The emergence and expansion of burgher culture in the early modern Low Countries dramatically transformed the conditions for art and architecture, not least in relation to privacy. In this seminar, we will discuss this transformation and how it unfolded.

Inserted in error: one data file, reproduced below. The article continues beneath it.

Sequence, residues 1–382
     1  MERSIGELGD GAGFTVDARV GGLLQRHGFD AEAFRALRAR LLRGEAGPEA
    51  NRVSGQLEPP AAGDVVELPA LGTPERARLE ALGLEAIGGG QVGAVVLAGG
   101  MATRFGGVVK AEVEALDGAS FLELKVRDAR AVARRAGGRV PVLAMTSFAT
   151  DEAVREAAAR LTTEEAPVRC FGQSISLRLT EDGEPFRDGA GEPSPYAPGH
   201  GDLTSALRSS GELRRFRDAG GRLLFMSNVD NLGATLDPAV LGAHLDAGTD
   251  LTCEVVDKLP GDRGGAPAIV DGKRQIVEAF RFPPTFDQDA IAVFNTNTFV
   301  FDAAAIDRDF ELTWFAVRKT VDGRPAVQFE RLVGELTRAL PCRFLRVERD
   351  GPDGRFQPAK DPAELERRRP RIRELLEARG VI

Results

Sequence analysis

Departing from late Medieval religious Dutch and Flemish pictures and their new aesthetics of intimacy, we will explore privacy. We will draw our attention to mythological and genre paintings in the seventeenth century, and conclude with an analysis of eighteenth century extended homes of the Dutch elite. Together, the talks in this seminar aim at showing how to analyse privacy in art and architecture and to draw an outline of early modern notions of privacy as seen in art and form.